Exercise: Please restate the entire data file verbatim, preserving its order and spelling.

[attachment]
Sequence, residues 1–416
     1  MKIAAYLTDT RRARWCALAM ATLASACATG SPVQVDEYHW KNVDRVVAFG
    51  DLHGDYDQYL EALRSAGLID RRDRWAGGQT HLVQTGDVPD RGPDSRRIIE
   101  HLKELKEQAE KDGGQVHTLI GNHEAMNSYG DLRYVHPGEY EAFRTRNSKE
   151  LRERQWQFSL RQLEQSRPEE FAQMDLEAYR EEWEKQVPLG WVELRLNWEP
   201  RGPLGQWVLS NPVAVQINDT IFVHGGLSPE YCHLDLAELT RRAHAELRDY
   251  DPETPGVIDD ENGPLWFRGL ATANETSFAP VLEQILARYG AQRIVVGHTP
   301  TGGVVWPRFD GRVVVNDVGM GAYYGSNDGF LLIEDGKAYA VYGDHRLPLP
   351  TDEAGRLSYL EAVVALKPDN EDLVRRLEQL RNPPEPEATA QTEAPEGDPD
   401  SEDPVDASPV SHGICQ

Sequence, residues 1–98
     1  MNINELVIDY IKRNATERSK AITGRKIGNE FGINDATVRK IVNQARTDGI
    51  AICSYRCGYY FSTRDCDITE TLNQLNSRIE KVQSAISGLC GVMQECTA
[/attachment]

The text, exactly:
Sequence, residues 1–416
     1  MKIAAYLTDT RRARWCALAM ATLASACATG SPVQVDEYHW KNVDRVVAFG
    51  DLHGDYDQYL EALRSAGLID RRDRWAGGQT HLVQTGDVPD RGPDSRRIIE
   101  HLKELKEQAE KDGGQVHTLI GNHEAMNSYG DLRYVHPGEY EAFRTRNSKE
   151  LRERQWQFSL RQLEQSRPEE FAQMDLEAYR EEWEKQVPLG WVELRLNWEP
   201  RGPLGQWVLS NPVAVQINDT IFVHGGLSPE YCHLDLAELT RRAHAELRDY
   251  DPETPGVIDD ENGPLWFRGL ATANETSFAP VLEQILARYG AQRIVVGHTP
   301  TGGVVWPRFD GRVVVNDVGM GAYYGSNDGF LLIEDGKAYA VYGDHRLPLP
   351  TDEAGRLSYL EAVVALKPDN EDLVRRLEQL RNPPEPEATA QTEAPEGDPD
   401  SEDPVDASPV SHGICQ

Sequence, residues 1–98
     1  MNINELVIDY IKRNATERSK AITGRKIGNE FGINDATVRK IVNQARTDGI
    51  AICSYRCGYY FSTRDCDITE TLNQLNSRIE KVQSAISGLC GVMQECTA